Wolf at the door

31/03/2006 | Judith Evans

Argentine central bank president Martin Redrado tells Emerging Markets how he intends to keep inflation at bay. Yet sceptics warn that aggressive dollar purchases might not be the answer

If Argentine central bank (BCRA) president Martin Redrado is troubled by the extent to which president Nestor Kirchner’s footprints are all over his turf, he shows no sign of it. Interviewed in his grand office in the 130-year-old Italianate seat of the bank, he projects the aura, energy and confidence of someone who is really running the show

The exquisitely dressed 45 year old, who assumed his new post in September 2004, is quick to put in context the central bank’s most controversial policies – a steady build-up of reserves and dollar purchases to maintain the peso’s current value (approximately 3:1) – which hinge on Argentina’s unique post-crisis conditions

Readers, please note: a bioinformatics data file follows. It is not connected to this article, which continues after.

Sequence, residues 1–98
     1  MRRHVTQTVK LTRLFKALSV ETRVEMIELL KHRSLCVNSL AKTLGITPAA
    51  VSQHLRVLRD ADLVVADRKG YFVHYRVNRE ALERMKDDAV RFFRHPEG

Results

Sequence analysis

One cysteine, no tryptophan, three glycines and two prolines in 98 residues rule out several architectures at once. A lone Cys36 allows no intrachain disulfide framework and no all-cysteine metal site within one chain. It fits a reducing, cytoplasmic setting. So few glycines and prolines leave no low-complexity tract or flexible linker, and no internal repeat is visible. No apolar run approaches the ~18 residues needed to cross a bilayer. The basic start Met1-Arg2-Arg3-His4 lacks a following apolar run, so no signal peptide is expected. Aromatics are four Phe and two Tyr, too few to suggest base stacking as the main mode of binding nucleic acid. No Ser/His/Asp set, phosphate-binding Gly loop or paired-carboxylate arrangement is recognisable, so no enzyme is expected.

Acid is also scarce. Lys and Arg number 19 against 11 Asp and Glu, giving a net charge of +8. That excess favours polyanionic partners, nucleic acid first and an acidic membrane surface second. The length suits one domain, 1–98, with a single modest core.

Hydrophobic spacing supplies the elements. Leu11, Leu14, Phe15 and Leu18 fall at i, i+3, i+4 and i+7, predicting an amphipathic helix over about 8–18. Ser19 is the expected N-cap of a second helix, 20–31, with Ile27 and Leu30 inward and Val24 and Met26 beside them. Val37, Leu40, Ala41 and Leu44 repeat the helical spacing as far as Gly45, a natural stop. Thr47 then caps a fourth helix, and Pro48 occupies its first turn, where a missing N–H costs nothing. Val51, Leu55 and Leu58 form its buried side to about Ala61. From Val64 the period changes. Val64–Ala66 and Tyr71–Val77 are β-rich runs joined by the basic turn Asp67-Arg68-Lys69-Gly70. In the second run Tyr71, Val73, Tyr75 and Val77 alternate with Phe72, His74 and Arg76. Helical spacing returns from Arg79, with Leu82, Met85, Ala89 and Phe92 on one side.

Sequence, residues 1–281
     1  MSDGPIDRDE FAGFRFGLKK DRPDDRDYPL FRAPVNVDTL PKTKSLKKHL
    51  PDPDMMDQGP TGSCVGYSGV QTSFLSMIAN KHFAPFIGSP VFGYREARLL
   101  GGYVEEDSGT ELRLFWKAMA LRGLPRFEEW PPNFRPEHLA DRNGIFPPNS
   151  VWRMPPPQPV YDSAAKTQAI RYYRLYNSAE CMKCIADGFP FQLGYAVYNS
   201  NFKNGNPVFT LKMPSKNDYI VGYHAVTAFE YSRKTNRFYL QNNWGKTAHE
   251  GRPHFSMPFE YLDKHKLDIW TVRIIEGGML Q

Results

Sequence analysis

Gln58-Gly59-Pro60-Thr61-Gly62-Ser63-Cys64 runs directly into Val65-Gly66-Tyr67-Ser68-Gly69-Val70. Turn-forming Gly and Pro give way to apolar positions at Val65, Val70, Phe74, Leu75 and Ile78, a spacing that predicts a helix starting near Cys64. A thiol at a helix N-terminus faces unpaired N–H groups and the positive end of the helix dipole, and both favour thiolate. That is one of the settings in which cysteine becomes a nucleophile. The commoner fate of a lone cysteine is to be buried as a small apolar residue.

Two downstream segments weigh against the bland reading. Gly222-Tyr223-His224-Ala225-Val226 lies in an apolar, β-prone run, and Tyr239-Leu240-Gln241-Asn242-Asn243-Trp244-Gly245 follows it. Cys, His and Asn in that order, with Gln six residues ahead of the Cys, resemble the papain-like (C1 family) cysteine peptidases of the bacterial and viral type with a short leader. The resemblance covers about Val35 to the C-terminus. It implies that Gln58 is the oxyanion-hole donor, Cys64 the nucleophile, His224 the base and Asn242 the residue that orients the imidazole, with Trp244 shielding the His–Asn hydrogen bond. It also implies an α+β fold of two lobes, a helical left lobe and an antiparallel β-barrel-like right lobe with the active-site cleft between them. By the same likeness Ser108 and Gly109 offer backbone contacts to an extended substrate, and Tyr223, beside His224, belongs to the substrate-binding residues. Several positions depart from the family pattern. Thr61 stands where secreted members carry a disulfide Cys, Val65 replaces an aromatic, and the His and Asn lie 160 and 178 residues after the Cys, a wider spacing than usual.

Consensus tends to be rare among economists who analyse Argentina, but a basic agreement seems to have evolved in recent months. Uncomfortably high inflation and insufficient investment are, the view holds, the economy’s two chief problems. Neither, many economists argue, is being vigorously confronted by the central bank, which is seen as hamstrung by presidential orders to accumulate reserves and keep the “competitive” peso exchange rate.

According to Redrado, who returned to Buenos Aires from Wall Street over 15 years ago, deeper analysis of the causes of Argentina’s higher than desirable price increases demonstrates that the bank’s contribution to fighting inflation can only be a modest one. Of the three root causes, the most significant element in driving the CPI to its current 12+ annual rate is to be found in the conditions that prevailed at the time of the 2002 devaluation.

Delayed effect

While Argentina devalued by 200%, he points out, in the following three years consumer prices rose by only 70%. The surprisingly low pass-through of the devaluation to prices was applauded but, he says, “Unfortunately, in my view as an economist, we now have a delayed effect, a process of price readjustment.”